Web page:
No sanctuary for pigeons
The Lincoln branch of Peter Cox has completed a programme of bird proofing and fouling clearance at the city’s listed 19th century cathedral St Katherine’s.
An answer to churchgoers prayers
Flocks of pigeons are a serious threat to buildings, causing damage such as blocked rainwater systems and the defacement of architectural features. Then there are accident risks caused by fouling on steps and fire escapes plus other health issues – including ornithosis and cryptococcosis – posed by bird fouling.
An estimated 1/2 tonne of fouling was removed from inside the tower which had been infested for many years by pigeons gaining access via open louvres.
A biocide was applied both before and after the fouling removal. A residual insecticidal treatment was also applied to eradicate bird related insects. Bird fouling can potentially harbour between 30 and 40 different species of insects. Full health and safety measures – including COSHH Assessments, Risks Assessments and Method Statements were produced and implemented, as standard, to ensure all works were completed safely for both the workforce and third parties.
To prevent future problems with the pigeons perching and roosting on the building the various cills, string courses and decorative mouldings were proofed with our sprung wire system. Our pigeon netting was installed to the outer faces of the louvers to prevent the pigeons from perching on the louvers and entering the entering the tower. Pigeons are highly persistent in trying to reach their former nesting sites, so when proofing buildings that are difficult and expensive to access it is important that a suitably robust proofing solution is installed in the first instance to prevent the displaced pigeons causing problems on other areas of the building.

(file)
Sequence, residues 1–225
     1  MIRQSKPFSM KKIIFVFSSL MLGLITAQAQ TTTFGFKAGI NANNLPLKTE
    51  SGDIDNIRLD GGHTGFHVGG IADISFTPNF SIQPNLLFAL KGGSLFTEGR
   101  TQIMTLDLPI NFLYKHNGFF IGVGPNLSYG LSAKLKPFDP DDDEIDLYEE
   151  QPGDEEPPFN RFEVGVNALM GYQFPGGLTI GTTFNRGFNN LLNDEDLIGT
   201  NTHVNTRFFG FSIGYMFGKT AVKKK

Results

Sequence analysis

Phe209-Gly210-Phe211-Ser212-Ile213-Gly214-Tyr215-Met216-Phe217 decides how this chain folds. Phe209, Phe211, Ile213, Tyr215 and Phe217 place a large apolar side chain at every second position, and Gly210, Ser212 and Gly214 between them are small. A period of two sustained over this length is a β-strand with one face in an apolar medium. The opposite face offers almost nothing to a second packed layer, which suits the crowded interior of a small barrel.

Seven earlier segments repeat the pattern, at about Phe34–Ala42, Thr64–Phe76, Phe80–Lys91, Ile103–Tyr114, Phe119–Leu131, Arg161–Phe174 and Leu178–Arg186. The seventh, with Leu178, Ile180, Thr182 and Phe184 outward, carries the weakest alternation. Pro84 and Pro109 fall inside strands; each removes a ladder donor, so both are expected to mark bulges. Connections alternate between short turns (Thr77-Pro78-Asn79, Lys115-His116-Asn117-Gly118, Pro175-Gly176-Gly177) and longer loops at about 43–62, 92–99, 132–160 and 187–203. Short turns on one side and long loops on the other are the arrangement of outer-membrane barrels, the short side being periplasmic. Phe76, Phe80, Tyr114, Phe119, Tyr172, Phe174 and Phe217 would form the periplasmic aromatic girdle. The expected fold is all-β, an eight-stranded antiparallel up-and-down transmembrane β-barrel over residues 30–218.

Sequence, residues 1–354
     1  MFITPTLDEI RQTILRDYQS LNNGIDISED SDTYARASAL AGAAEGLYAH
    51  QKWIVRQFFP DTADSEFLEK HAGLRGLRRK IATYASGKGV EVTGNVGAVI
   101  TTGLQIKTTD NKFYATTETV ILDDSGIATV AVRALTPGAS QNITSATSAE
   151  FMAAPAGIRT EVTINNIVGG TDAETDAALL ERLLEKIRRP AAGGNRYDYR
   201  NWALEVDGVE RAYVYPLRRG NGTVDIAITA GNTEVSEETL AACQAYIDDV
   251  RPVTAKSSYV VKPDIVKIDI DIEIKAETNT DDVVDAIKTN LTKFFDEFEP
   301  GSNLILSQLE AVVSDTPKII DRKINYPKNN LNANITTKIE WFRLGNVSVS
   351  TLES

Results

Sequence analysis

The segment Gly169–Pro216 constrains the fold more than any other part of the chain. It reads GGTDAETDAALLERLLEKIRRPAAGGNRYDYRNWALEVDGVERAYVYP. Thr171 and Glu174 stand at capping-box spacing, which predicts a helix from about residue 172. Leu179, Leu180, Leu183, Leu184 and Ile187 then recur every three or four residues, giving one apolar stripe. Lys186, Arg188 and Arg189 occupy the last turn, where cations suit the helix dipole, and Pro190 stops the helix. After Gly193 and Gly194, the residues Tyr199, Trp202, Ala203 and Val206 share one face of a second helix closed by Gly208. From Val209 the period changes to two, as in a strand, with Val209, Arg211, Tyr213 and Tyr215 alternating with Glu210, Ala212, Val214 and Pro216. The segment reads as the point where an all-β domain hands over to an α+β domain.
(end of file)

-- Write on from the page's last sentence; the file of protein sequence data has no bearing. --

Purpose made covers were also designed and fitted to the gutters where the tower joins the nave at roof level as these were found to be a popular sheltering point.
Bird control requires specialist knowledge of birds and their behaviour. Designed with care, most deterrent installations are unobtrusive and barely visible from ground level.
Peter Cox also carried out damp proofing, dry rot and woodworm treatments on the building.
The perfect solution to keeping birds on the move
Selecting the right system for each site and situation is the key to successful bird proofing. They must be designed for the specific species involved, but at the same time thought needs to be given to the buildings aesthetics and a balanced approach taken.
Sometimes a combination of deterrent systems is required. Peter Cox understands people’s perceptions of what bird proofing is reasonably required will be different, and will change as projects progress.
We are happy to work with clients, architects and conservation officers to help find bird deterrent solutions which are “best fit” for each building or project, are as aesthetically unobtrusive as possible and of course, are effective.